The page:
The U.S. Coast Guard and a Canadian fishing crew are being credited with saving the life of a fisherman with a severed artery and six-inch puncture wound.
The 19-year-old man was airlifted off of the boat by the Coast Guard last Saturday after he cut himself aboard the Ocean Pearl commercial fishing boat off the coast of Vancouver Island, Canada’s CTV News reported.
“[They] took really good care of their crew member, they stabilized the bleeding,” Lt. Skylar Swenson said in an interview. “The fishing vessel [crew] saved the life of their own crew member.”
According to the crew of the ship, the injury was pretty severe. A 6-inch cut in his leg had hit an artery and was bleeding badly.
The injured Canadian man was airlifted off the fishing vessel in a daring rescue by the United States Coast Guard on Saturday and was transported to a hospital in Port Angeles, Washington.
Here’s footage of the daring rescue:
“It was a race against time,” Swenson told CTV News. “And we were doing everything we could to get to the fishing vessel as fast as possible.”
While the injury wasn’t in American waters, the Canadians and Americans collaborate in situations like this.
Lt. Swenson talked to CTV about how America has “very good partnerships with the Canadian Rescue Coordination Center with Coast Guard District 13 and Vector Puget Sound, and we were launched” to deal with the situation.
“Watchstanders at Coast Guard Sector Puget Sound in Seattle received the medevac request from the captain of the 110-foot fishing vessel Ocean Pearl at about 1 p.m.,” the United States Coast Guard said in a statement.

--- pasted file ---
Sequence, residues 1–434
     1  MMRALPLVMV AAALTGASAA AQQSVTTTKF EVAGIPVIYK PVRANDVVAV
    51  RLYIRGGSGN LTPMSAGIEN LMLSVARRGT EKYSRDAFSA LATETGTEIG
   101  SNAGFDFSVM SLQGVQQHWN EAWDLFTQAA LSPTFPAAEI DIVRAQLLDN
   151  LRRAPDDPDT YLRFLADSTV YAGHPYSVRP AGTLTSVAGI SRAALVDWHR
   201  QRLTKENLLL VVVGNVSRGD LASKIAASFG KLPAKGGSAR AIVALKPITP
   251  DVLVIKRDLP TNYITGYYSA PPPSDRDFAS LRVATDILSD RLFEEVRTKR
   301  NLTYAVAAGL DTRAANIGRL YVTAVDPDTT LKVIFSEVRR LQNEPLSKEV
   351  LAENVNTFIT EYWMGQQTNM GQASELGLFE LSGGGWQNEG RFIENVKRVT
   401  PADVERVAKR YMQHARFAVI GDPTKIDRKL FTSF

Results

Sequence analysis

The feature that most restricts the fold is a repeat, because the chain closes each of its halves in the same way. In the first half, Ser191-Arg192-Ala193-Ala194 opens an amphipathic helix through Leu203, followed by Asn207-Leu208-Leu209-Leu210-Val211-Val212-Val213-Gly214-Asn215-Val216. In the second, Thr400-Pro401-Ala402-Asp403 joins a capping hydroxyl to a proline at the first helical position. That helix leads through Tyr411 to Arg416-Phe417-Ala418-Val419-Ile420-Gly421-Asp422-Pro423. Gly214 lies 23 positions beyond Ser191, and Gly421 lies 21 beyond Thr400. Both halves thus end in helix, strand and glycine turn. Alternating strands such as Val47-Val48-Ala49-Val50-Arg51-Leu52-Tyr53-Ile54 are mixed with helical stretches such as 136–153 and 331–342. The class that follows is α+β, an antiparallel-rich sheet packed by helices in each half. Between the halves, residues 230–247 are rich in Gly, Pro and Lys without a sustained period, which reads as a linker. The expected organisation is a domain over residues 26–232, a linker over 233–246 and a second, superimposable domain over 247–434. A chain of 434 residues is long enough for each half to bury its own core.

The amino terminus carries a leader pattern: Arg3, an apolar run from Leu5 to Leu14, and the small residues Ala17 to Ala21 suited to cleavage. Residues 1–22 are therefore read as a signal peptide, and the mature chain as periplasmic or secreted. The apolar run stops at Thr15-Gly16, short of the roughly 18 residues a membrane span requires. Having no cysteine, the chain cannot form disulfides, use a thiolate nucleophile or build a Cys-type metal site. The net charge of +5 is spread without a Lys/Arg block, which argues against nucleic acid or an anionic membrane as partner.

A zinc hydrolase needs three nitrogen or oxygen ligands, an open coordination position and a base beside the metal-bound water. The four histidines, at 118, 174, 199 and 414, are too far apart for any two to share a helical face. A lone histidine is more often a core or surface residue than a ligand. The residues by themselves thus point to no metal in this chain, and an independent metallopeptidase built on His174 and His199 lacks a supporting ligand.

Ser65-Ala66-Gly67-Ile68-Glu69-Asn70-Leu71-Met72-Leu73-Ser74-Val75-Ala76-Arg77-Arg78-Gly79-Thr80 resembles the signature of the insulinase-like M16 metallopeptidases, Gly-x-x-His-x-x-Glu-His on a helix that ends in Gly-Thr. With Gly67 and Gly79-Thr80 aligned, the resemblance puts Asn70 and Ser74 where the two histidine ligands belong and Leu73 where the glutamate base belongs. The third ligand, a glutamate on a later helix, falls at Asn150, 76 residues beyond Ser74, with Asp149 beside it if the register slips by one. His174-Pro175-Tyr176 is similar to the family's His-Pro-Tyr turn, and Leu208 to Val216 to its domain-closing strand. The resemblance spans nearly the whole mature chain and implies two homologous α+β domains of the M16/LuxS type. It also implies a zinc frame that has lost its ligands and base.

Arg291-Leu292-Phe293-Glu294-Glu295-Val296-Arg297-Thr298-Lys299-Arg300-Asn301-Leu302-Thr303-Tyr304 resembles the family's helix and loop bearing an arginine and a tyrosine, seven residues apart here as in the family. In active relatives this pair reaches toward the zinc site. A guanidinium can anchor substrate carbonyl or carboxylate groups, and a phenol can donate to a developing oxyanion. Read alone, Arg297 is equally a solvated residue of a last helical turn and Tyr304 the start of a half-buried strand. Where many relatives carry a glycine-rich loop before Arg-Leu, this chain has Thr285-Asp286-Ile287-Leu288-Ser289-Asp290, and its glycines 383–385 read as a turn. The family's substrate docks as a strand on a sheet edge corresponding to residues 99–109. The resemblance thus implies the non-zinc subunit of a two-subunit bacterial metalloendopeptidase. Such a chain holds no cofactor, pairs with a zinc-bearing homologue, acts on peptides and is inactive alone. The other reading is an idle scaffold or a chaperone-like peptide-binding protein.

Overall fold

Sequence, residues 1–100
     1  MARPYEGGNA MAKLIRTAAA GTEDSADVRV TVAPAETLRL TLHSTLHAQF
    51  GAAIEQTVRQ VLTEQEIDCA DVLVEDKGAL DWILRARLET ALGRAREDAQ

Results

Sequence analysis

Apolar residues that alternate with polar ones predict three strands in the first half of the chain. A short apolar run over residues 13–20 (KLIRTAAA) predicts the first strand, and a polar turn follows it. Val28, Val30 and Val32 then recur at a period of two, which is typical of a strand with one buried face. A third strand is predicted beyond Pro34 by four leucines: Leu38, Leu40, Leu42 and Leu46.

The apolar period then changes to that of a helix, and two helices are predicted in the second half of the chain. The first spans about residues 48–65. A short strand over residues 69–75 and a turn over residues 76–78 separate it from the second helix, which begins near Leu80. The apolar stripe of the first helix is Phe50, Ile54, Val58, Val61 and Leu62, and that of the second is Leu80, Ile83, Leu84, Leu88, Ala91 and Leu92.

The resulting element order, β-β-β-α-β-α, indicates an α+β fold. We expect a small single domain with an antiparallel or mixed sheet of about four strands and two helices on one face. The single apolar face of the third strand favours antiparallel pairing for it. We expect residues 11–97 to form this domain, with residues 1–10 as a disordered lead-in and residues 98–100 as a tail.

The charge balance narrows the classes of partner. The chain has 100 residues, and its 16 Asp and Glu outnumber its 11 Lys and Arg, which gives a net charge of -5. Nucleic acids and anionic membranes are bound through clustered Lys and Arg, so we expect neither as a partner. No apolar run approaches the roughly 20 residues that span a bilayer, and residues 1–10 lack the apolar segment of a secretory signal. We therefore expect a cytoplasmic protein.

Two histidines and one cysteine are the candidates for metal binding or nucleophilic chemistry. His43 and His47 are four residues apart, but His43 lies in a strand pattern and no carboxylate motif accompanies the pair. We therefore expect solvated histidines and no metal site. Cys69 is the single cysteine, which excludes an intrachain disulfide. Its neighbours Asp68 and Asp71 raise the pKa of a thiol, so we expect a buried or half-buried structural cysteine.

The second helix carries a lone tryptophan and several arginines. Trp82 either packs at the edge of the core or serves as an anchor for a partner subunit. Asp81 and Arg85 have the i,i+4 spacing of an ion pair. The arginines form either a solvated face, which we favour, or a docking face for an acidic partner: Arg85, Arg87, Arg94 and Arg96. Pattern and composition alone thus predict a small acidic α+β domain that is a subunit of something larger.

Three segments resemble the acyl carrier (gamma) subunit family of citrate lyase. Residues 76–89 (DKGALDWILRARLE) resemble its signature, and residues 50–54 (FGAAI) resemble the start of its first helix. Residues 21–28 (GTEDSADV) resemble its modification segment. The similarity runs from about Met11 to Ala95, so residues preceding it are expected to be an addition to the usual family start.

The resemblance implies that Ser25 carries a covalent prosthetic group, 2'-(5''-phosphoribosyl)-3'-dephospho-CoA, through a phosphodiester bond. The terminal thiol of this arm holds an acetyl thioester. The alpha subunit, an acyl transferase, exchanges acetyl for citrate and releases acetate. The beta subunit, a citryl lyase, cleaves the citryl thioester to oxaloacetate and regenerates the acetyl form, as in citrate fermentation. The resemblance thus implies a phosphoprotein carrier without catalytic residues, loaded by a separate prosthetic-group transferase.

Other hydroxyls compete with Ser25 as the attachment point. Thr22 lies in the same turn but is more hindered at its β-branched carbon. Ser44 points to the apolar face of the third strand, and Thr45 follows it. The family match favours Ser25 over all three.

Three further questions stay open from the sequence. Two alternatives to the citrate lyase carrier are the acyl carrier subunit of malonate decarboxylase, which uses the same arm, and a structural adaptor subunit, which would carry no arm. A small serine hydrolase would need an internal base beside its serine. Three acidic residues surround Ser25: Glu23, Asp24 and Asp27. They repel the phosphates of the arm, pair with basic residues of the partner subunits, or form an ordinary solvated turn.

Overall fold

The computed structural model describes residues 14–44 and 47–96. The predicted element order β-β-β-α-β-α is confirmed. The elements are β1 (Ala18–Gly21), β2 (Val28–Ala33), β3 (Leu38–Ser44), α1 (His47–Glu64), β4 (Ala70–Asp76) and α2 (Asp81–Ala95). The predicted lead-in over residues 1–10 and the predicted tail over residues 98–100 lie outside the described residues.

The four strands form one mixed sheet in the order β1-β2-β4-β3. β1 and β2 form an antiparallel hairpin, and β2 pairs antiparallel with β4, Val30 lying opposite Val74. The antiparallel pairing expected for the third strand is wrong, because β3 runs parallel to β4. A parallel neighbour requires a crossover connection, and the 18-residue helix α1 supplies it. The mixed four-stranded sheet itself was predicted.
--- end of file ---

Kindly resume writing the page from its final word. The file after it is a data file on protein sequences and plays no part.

A rescue swimmer was lowered from the Coast Guard’s MH-65 Dolphin helicopter to the 110-foot Ocean Pearl, all while the boat was still moving forward. (To be fair, this actually makes things easier; since the ship rolls and pitches less.)
And trust me, that was needed. The Ocean Pearl was facing waves of up to 10 feet, which made the evacuation a hairy affair.
The video shows the man being lifted up into the helicopter. After he reached the craft, he gives a thumbs up and a wave to those still back on the ship. He was then flown to a hospital in Port Angeles, Washington.
He was, as of arrival at the hospital, in stable condition, described as alert and responsive.
“That’s the best thing, to go home and know we saved a young man’s life and to see the smile on his face,” Swenson said.
While the fishing crew did a fine job of helping save this young man’s life, don’t underestimate the Coast Guard‘s heroics.
Whether it’s interdicting smugglers before they reach America’s shores or saving dogs struggling to stay above water offshore, they do amazing and oft-unheralded work. What they do is vital to our country’s mission.
If you don’t believe me, just ask this young man.
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